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Summary and conclusions


In May 2004, extensive damage was reported on pole stage and older Sitka spruce along the Dee valley in north-east Scotland.

Three affected sites were assessed in detail between 2004 and 2006 to determine the cause of damage and monitor its development. From this assessment it was concluded that drought during 2003 was the most likely cause of the damage to the Sitka spruce based on the symptoms and timing of damage.

A pathogenicity study of an unidentified species of Phomopsis that was isolated consistently from the margins of lesions concluded that the Phomopsis sp. is most likely to be an opportunistic invader of drought-damaged tissue of Sitka spruce rather than a primary pathogen.


Dead trees tended to be grouped, and by 2006 mortality averaged 22 % across the three sites.

Symptoms on surviving trees included varying degrees of top dieback, resinosis, and the formation of elongated lesions on stems and branches (see photo).

Shoot growth of surviving trees was notably lower during 2004 and 2005 than in previous years.

Rainfall in the Deeside area during 2003 was exceptionally low for a prolonged period from June until November, with soil moisture deficits of 200 mm or above for four consecutive months.

Pathogenicity study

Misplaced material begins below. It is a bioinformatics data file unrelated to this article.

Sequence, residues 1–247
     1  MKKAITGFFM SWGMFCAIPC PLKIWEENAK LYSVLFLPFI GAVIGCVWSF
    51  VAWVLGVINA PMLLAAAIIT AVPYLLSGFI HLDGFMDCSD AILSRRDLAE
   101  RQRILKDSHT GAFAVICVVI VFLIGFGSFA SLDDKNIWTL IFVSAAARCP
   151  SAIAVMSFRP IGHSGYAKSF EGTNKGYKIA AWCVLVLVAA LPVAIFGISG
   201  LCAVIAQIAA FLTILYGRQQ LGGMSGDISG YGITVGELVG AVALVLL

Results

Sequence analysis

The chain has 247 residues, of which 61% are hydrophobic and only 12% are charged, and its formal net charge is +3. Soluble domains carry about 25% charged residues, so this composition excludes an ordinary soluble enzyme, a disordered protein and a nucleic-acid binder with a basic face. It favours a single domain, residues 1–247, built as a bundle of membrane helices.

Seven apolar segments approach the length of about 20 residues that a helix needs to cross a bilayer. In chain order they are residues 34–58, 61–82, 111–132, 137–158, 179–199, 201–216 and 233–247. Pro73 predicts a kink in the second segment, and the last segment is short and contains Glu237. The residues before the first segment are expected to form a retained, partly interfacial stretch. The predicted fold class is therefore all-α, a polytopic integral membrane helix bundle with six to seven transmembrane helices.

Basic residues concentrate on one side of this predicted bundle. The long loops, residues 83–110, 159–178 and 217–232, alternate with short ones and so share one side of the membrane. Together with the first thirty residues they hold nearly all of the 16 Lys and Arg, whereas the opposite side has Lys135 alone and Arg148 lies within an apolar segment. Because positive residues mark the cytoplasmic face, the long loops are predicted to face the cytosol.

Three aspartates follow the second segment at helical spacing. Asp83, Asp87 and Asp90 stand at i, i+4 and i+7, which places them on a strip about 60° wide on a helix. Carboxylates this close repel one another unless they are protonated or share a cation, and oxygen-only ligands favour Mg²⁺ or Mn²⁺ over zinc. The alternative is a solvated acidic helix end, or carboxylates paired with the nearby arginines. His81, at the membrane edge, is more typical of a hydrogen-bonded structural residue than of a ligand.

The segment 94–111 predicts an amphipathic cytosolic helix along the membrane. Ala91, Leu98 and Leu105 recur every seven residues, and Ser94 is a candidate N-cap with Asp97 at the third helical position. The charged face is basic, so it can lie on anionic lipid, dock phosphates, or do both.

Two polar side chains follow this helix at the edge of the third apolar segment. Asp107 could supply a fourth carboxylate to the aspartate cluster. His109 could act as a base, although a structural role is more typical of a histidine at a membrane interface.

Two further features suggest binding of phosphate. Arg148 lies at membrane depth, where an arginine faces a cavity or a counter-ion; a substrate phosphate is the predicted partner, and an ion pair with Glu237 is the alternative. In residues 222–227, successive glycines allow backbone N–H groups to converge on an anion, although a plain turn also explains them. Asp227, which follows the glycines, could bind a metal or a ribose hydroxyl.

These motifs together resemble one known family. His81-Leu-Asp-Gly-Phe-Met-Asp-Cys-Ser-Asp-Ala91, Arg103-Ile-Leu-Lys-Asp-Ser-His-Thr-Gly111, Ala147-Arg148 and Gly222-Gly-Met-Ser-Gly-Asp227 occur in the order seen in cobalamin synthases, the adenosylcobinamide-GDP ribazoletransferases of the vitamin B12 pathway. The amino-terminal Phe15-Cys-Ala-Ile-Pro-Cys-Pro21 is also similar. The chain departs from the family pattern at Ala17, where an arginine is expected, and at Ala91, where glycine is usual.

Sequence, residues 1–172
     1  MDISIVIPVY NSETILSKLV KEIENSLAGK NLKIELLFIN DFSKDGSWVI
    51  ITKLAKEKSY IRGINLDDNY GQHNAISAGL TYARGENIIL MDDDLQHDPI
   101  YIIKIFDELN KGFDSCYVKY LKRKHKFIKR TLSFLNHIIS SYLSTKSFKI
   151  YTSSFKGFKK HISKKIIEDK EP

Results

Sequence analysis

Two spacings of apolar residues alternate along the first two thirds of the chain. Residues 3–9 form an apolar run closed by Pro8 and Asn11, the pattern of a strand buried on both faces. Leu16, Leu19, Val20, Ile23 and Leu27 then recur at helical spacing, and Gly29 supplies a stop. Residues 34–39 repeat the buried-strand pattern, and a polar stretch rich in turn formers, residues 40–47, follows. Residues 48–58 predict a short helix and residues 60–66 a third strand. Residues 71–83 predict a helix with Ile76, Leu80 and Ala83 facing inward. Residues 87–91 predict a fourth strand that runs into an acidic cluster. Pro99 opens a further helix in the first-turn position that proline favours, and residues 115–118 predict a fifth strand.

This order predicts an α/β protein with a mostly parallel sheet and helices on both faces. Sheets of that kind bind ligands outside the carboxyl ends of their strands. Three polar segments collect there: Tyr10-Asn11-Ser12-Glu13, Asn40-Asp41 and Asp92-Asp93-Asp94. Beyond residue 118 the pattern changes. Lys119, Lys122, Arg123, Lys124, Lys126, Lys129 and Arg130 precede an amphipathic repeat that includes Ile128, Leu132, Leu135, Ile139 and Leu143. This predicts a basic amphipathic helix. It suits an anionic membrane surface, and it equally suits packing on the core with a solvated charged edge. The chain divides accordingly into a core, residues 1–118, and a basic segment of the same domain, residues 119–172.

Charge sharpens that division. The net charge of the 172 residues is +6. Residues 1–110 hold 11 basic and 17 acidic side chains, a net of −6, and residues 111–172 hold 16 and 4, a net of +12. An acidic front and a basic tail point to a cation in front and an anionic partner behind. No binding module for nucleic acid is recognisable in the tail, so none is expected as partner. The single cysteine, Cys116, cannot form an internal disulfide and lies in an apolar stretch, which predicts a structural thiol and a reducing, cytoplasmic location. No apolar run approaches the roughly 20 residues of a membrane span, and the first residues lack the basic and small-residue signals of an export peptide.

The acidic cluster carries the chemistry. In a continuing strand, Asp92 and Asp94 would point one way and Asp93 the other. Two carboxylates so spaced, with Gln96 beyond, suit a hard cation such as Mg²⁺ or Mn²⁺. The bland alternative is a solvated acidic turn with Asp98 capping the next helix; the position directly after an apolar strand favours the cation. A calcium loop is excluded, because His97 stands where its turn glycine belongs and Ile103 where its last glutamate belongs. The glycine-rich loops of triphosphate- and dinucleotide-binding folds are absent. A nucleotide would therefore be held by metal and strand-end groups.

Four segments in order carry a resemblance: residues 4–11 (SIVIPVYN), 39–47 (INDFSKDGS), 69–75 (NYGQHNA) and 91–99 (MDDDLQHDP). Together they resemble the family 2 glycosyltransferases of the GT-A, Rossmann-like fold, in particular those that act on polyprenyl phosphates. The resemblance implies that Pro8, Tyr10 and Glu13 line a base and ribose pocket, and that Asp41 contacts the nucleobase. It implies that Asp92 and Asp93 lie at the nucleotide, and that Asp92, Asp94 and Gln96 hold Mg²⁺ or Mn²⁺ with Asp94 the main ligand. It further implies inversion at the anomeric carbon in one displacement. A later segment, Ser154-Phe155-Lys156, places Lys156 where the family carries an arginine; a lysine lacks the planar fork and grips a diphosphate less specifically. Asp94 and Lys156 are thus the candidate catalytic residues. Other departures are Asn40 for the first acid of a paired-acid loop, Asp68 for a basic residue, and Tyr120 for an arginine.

An unidentified species of Phomopsis was isolated consistently from the margins of lesions (see photo), and from stained wood associated with lesions, on stems and branches of drought-affected Sitka spruce. This is the first record of this fungus being isolated from Sitka spruce.

The genus Phomopsis contains many species, many of which are known pathogens on a range of tree hosts. The fungus isolated in this study appears to be identical (based on ITS sequence data) to a species of Phomopsis isolated from damaged Norway spruce seedlings in Norway and subsequently found to be non-pathogenic when inoculated onto seedlings of Norway Spruce.

In this study the pathogenicity of the Phomopsis sp. was tested on young, potted Sitka spruce with and without moisture stress in experiments carried out during the summers of 2007 and 2008.

Small lesions associated with bark cracking developed on some trees inoculated with the fungus, but these lesions did not extend and subsequently healed. Lesion development was not affected by the water stress treatments applied to the host.

The Phomopsis sp. was re-isolated from several inoculated trees and DNA of the fungus was amplified using real-time PCR in xylem and phloem of inoculated but asymptomatic Sitka spruce trees up to 5 cm below the inoculation site eight months after inoculation. This showed that the fungus had established within the tree tissues following inoculation without causing disease symptoms.


For further information contact:

Dr. Sarah Green

Forestry Staff Green Sarah.2e16d0ba.fill 600x600 1
Sarah Green

Forest Pathologist